Thursday, October 20, 2011

“The Romney Rule”

There’s not much point in being a Democrat, and none at all in being a liberal Democrat, if you don’t want to redistribute wealth and opportunities from richer to poorer people. Liberal Democrats want richer people to have less so that poorer people can have more. That’s why Democratic presidential candidates typically portray raising taxes on the well-to-do as a regrettable necessity, without which poorer people would be worse-off than they need to be. (And saying even that little is enough to provoke Republican charges that Democrats are fomenting class warfare.)

The way Obama campaigned in 2008 is a case in point. He never missed an opportunity, for example, to argue that it’s more important that everyone have access to affordable health insurance than that people with annual family incomes above $250,000 pay a marginal tax rate of 35% rather than 39%. Obama always went out of his way to leave the impression, however, that he thought it would be better still if you could finance universal health insurance coverage without raising anyone’s taxes.  He wanted you to know that he wasn't just trying to stick it to the rich for the fun of it.

Take a look (via TPM) at this anti-Romney spot coming from the Super Pac run by Obama’s ex-Assistant Press Secretary Bill Burton:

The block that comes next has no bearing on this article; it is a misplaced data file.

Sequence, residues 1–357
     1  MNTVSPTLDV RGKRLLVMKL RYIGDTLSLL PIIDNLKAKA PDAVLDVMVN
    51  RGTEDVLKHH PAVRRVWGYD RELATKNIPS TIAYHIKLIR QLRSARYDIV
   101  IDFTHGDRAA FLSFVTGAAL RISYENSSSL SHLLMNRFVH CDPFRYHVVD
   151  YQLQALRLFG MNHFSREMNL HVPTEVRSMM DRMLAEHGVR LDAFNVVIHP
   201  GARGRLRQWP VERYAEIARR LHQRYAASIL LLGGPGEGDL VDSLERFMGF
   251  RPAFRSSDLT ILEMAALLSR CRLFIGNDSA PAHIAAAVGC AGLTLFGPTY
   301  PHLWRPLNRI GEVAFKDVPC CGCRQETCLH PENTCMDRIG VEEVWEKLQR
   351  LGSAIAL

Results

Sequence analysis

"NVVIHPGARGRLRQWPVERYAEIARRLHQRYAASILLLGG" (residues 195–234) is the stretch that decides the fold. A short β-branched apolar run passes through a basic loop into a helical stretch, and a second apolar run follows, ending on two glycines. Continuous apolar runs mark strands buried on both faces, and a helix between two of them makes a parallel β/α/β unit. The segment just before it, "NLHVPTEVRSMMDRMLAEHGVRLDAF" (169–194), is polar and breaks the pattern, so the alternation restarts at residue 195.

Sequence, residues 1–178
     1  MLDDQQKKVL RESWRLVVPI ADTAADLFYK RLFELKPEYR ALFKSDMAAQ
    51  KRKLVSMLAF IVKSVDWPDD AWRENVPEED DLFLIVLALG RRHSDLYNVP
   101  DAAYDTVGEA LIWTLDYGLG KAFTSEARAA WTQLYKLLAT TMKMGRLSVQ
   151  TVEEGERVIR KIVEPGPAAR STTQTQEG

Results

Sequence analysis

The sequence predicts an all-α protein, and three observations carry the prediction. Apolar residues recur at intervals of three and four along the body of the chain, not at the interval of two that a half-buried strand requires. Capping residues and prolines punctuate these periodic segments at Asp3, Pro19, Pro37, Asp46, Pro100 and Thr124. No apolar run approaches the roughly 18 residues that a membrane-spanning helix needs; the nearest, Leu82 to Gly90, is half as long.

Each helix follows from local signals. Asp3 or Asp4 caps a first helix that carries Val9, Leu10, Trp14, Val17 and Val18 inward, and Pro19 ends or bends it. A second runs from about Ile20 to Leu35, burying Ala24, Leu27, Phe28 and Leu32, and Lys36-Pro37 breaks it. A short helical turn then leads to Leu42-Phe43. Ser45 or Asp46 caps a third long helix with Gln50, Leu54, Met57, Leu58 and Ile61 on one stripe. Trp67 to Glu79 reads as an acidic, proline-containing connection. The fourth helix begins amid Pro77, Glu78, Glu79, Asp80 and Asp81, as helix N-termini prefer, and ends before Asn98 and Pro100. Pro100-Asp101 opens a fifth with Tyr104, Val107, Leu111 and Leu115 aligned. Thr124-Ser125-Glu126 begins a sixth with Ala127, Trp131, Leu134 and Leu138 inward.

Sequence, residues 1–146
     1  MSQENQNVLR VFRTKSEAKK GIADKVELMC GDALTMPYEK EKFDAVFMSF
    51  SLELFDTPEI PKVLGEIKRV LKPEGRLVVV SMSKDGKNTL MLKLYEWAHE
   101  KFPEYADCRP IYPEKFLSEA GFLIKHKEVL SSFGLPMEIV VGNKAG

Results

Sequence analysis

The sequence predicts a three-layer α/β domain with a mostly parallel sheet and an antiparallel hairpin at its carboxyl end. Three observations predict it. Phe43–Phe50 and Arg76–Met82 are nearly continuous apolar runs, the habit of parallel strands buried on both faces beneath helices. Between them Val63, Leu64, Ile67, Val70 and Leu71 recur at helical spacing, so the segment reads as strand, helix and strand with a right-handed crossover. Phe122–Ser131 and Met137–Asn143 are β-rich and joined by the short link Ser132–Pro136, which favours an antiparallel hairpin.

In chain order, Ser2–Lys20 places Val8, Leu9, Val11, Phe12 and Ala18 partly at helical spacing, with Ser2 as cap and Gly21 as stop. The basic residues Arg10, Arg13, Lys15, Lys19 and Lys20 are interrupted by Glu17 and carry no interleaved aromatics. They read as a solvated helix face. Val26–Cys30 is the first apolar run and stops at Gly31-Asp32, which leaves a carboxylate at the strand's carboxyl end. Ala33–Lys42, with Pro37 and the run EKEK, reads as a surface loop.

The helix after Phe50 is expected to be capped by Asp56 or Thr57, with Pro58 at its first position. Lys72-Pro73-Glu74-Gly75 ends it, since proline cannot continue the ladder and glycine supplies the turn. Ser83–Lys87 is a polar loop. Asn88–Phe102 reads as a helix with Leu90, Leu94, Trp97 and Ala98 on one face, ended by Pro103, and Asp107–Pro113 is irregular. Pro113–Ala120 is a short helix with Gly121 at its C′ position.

Notice anything unusual? We’re being told, first, that Romney is a very rich man, and second, that very rich people can, and last year Romney probably did, pay a lower effective tax-rate than most middle-class people (presumably because most of their income comes in the form of capital gains and dividends). But we’re not being told anything at all about what added tax revenue from people in the top brackets would pay for. The people who made the spot don’t even bother to say that if rich people were taxed at a higher rate, middle class people could be taxed at a lower rate. The message can only be that making Romney pay more isn’t a regrettable necessity, but an end-in-itself.

I’m not the guy to tell you whether this makes for an effective campaign spot. But I can’t recall ever seeing this message coming from a source closely associated with a major Democratic presidential candidate, much less a Democratic incumbent, before.  It looks like Democratic insiders are betting that economic hard times have changed the political culture in a pretty fundamental way.

1 comment:

Ben Currie said...

The ad isn't particularly strong ... it doesn't engage its audience, it just lectures them. Nothing like "Do you think millionaires like Romney should do their part like everyone else, then you can make a difference by signing the petition to Repeal the Romney Rule."

There are three reasons to be for re-distribution: (1) it's just right in a solidarity small "d" democratic sense as a matter of morality or perhaps political justice, (2) it's just necessary to undergird the bridges, schools, roads, and all the stuff we all need to produce effectively, (3) it is actually a more efficient growth agent and produces more wealth in absolute terms.

right, necessary, or genuinely expedient ... take your pick. Any are sufficient to lead a person to favoring re-distributive moves, together to reject redistribution you'd have to say it was a complete coincidence that under Clinton taxes were higher on folks making more and jobs and incomes went UP, whereas under Bush-Obama with taxes reduced jobs and incomes are DOWN.

Ben Currie